Farming the Right-of-Ways: Cultivable Land

Right-of-ways underneath power lines are often low rent and very cultivable for small-scale farming.


| March/April 1978



Children_Gardening_Righ-of-Ways

Children and an adult farming in the right-of-ways near Fairfield, Ala.


PHOTO: JOHN E. PHILLIPS

Our family lives on the outskirts of metropolitan Birmingham, Alabama, underneath the smokestacks of U.S. Steel's Fairfield plants. Our backyard consists of fill dirt and a rock garden, and because of the poor soil quality (and the abundance of shade trees), the cultivation of food crops on this land is out of the question.

About four years ago, our taxidermy business began to feel the economic crunch, and we watched nervously as food prices soared. "This is it," I told Denise (my wife) one day. "We have no choice. We've got to start raising our own vegetables." The only question was where.

Up until the time I was 10, gardening (which for me meant "weed-pulling") was a regular part of life since my father had always had a backyard garden in the city. But with my own family, I had no place to raise food or to pass on the gardening tradition that had been handed down through my father's family to me. Spurred on by the pressures of inflation, I began to look around for a place to make our "survival garden."

An Abundance of Unused Land: Right-of-Ways

In this search for cultivable land, I quickly discovered that most of the suitable acreage within reasonable driving distance from my home is owned by large corporations ... corporations that prefer to leave the acreage "as is" — or planted in pine forests — rather than lease it out to farmers. Late one afternoon, however as I was driving down the highway, I noticed that the land underneath the poles that carry the power company's high-tension lines was — for the most part — cleared and needed only to be bush-hogged and denuded of small trees and stumps to be made ready for gardening. Right then, I decided to look into the possibility of growing a garden on "right-of-way" land.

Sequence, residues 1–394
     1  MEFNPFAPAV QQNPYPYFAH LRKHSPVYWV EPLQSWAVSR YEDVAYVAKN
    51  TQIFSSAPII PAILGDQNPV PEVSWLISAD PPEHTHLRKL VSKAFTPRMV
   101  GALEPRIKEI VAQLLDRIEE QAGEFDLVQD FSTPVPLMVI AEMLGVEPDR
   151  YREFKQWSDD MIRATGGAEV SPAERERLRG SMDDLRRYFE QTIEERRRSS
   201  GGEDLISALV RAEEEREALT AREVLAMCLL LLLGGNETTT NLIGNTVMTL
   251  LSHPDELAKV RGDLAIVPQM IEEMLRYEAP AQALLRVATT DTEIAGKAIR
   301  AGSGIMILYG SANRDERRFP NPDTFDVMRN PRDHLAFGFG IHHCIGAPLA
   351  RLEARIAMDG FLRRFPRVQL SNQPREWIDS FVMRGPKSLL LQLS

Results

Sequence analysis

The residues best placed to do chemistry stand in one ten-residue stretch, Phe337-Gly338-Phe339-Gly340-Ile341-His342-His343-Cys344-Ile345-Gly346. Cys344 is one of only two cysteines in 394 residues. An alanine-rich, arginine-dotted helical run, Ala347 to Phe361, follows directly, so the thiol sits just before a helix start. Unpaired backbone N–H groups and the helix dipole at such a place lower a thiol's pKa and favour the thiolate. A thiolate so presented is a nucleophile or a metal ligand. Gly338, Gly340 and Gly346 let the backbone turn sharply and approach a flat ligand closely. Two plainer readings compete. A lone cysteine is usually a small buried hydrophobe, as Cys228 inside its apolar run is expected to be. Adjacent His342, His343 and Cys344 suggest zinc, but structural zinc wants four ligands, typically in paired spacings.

As I investigated this idea, I learned several important (and interesting) facts: [1] During the Great Depression, many power (and other) companies allowed their employees and friends to farm the right-of-ways for free. [2] Even today, a good many firms that own right-of-way land are happy to let people farm their holdings since the companies then aren't stuck with the burden of clearing trees and brush from beneath their lines. [3] The road access to right-of-way land is nearly always good. [4] Right-of-ways may be fenced parallel to (and — if the fence is made of wood — at right angles to) the powerlines. [5] Although some companies that have right-of-ways use herbicides under their lines (in which case the area is definitely NOT SUITABLE for farming), right-of-way acreage — as a rule — is very fertile and rich in soil nutrients, since in many cases, the ground has never been cultivated before. [6] One disadvantage of right-of-way land is that it often is not very flat.

Armed with this information, I went straight to the offices of a nearby steel company that owned a right-of-way just five minutes from my front doorstep. I talked for a few minutes with someone in the firm's Land Department and — with no trouble at all — arranged to lease 13 acres of right-of-way (with a good access road in and out and a gate to keep out vandals) for less than $8.00 per acre per year.





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